Today I’m working on a different project – a pilot study into the use of Transmission Electron Microscopy (TEM) on bone collagen to reconstruct prehistoric cooking practices. This approach was pioneered by Dr Hannah Koon at the University of York and involves high resolution microscopy of extracted bone collagen to look at the way that that fibrils have degraded (a fibril image is attached to this post – the frayed end is characteristic of cooking). This can tell us whether meat was cooked on the bone, filleted first or in some instances discarded without being cooked at all. It has been shown to be successful for historic material but is unproven for prehistoric material, where fibrils may be so degraded that changes relating to cooking can’t be recognised. I have two placement students employed on the project – George Foody (who has posted to DoA too) and Katie Faillace, both of whom graduated with first class degrees last week.


We have selected samples from Late Bronze Age/Early Iron Age feasting sites from Wales and Warwickshire and are getting more from Wiltshire on Monday. Touring museum stores is another fun part of the job! Today we are recording and photographing the bones and drilling small sections (c. 0.5g), which we will then crush and put in Ethylenediaminetetraacetic acid to demineralise. Within a couple of weeks and with some fiddly sample preparation the collagen should be ready to put into the TEM. The project aims to tests whether the approach will work for prehistoric bone and will provide new insights into feasting practices. We hope to find out whether less desirable cuts of meat (to western stomachs at least) like pig’s trotters were discarded or consumed in the feast and whether different animals were prepared and cooked in different ways.

Social zooarchaeology at Nortwestern Argentina

I’m a zooarchaelogist, meaning that my field of research is the analysis of faunal remains at sites. These range from the refuse of killing and consumption of herd animals, to sacrifices made at burials. My work is focused on the agrarian communities of the semiarid valleys of Northwestern Argentina, from 500 B.C. to 1500 AD.

The first step on faunal analysis is the description of bones or bone fragments found at sites, identifying their anatomical source, taxonomy and the post-mortem traces left by humans and natural agents. The goal is to picture the chain of activities that produced the evidence in its actual state.  Later, you try to test different hypothesis about behavior and their cultural, economic or political constraints. My main interests are those practices that are conditioned by economic and political inequalities. From the 500 to 1450 AD the northwestern of Argentina was the stage of various complex organizations and polities (regional cults, chiefdoms). Later, it was conquered by the Inca Empire. These social transformations were based on the extraction of surplus production from peasant communities, and justified by tradition and ritual practices.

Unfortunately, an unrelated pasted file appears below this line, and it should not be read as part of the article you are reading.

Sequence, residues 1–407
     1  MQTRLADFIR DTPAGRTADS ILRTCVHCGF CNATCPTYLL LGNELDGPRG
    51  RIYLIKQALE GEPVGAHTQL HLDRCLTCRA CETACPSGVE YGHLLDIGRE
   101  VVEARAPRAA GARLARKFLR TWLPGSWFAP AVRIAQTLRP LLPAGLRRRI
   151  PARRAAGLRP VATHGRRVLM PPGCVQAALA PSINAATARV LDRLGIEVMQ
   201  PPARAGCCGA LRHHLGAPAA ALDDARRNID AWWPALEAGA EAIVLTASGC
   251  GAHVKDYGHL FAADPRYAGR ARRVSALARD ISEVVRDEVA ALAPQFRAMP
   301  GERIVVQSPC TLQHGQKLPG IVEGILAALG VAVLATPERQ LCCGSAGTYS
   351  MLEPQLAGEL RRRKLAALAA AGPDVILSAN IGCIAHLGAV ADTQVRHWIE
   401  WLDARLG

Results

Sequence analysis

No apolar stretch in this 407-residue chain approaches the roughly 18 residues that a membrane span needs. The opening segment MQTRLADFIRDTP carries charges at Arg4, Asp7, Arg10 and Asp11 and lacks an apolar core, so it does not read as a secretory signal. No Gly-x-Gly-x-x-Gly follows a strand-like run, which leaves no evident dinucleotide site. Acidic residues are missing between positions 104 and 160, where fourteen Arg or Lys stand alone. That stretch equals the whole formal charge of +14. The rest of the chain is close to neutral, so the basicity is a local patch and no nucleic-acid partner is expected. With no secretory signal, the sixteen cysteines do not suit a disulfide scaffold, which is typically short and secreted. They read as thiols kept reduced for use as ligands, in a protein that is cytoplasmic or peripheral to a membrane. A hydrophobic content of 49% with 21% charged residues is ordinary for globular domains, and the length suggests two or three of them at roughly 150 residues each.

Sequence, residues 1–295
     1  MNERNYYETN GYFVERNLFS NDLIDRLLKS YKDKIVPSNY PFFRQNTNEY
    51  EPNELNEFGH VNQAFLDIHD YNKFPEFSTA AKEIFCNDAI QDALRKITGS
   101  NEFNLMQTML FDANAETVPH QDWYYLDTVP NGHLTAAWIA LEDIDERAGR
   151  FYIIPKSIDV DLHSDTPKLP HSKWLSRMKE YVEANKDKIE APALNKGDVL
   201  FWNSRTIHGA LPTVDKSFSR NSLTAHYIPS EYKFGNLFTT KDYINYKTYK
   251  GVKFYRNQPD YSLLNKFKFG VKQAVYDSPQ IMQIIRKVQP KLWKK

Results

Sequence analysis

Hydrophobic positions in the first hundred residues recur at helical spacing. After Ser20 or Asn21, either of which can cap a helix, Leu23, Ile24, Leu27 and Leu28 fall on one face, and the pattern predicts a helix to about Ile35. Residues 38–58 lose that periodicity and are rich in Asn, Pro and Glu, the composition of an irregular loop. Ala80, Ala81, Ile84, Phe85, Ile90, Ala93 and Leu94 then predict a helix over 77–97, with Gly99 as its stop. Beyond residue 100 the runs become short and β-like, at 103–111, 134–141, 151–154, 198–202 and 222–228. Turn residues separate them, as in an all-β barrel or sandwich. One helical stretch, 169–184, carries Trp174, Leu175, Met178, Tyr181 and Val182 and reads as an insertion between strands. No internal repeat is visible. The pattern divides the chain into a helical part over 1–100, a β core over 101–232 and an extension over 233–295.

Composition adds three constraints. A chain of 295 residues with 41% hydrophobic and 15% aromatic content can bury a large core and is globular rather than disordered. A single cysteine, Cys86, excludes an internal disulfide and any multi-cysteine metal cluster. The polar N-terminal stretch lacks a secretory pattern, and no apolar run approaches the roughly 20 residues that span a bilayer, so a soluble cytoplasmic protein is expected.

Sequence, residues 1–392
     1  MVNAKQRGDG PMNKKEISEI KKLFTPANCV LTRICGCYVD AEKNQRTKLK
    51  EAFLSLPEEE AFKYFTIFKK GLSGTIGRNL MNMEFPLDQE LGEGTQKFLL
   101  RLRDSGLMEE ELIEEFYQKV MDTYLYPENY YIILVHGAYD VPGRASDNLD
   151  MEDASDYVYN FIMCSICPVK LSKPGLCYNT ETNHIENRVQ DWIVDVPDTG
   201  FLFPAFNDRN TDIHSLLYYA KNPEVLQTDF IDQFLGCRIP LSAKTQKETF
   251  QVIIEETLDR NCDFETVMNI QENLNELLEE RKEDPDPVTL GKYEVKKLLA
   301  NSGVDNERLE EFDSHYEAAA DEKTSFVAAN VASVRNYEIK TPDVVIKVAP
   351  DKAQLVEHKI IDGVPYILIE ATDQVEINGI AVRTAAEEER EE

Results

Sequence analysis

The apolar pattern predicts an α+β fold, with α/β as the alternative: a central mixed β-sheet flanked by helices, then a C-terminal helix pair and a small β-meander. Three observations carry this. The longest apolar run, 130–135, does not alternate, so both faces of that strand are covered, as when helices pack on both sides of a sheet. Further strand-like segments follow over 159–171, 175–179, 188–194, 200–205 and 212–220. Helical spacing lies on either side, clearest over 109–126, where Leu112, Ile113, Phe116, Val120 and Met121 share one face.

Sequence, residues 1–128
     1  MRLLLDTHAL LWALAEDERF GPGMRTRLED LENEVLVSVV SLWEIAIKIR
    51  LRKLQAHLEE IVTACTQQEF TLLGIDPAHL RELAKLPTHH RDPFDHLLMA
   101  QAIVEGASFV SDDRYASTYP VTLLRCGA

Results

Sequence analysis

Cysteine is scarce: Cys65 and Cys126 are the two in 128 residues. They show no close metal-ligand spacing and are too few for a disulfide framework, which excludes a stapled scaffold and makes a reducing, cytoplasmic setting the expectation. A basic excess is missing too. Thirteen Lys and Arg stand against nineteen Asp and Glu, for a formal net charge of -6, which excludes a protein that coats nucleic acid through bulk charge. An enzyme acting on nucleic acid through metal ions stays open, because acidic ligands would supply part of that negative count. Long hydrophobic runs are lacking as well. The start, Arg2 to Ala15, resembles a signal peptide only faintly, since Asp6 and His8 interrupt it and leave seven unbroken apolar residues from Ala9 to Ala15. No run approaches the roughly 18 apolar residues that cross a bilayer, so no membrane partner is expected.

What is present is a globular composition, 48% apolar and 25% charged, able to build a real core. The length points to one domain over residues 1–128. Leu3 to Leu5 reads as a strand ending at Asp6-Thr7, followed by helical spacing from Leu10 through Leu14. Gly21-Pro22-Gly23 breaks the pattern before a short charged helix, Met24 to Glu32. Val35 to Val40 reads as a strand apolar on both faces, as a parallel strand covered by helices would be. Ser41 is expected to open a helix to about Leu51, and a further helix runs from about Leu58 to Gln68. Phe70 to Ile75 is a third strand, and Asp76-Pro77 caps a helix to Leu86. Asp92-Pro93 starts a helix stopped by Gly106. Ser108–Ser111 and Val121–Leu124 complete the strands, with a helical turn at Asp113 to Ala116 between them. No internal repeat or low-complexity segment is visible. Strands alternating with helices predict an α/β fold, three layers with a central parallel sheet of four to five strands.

Right now I’m doing my postdoctoral research, and working on publishing the results of my doctoral research. I work at the Museo Etnográfico J. B. Ambrosetti (Universidad de Buenos Aires).


Carlos Belotti López de Medina, Phd.

Leftovers (Archaeology and Food!)

Recently, I’ve begun analyzing data for my dissertation project in historical archaeology.  My day is spent in the lab, surrounded by animal bones, small tools for detailed cleaning and measuring, spreadsheets, and more bones.  I’m interested in brothel household food practices, and animal remains from kitchen trash deposits are a good place to start.  As a zooarchaeologist I’m often asked about my lab process, especially about the kinds of things can I learn from studying animal bones and how I know what they are.  When I’m embarking on a new project I often ask myself the same kinds of questions.  How do I identify animal remains?  What categories are important to my basic research questions?  Does any of this actually matter?

As a point of reference, I’ve been starting with the same tongue-in-cheek query I’ve been asking myself since my first solo project: Who ate the hamsteak?  Broken down into basic parts, what I’m really posing is an answer to why zooarchaeology matters.  “Ate” implies an action, a human behavior.  “Who” implies a search for the identity of the eaters.  The “hamsteak” is what is left over for the archaeologist to find, a clue to discovering cultural identity.  Examining eating habits is a way for me to understand not only past diets, but delve into meaningful choices that indicate ethnicity, class consciousness, fashion, heritage, nutrition, and many other aspects of humanity.

Choosing categories in which to record data that might show patterns in food choices usually begins with a broad understanding of what is in that pile of bones sitting on my table.  Species, skeletal element, and age are necessary no matter what the project is about.  Published guides about bones with detailed drawings, measurements, and age charts are available for archaeologists, but the best way to identify animal remains is by comparison to complete zoological specimens.

Since my focus is on food, I also collect data on how the meat was prepared, including butchery marks, if the bone has been burned, and other human modifications.  Butchery marks can be very obvious, such as the relatively neat lines and even surface an industrial saw makes, or they can be difficult to distinguish, such as scratches from utensils during consumption.  Burning has more ambiguous meaning – for example, it can indicate food preparation or it can indicate how the remains were disposed.  Sometimes you can see that a bone was broken or smashed intentionally in preparation to recover the marrow inside for use as an ingredient.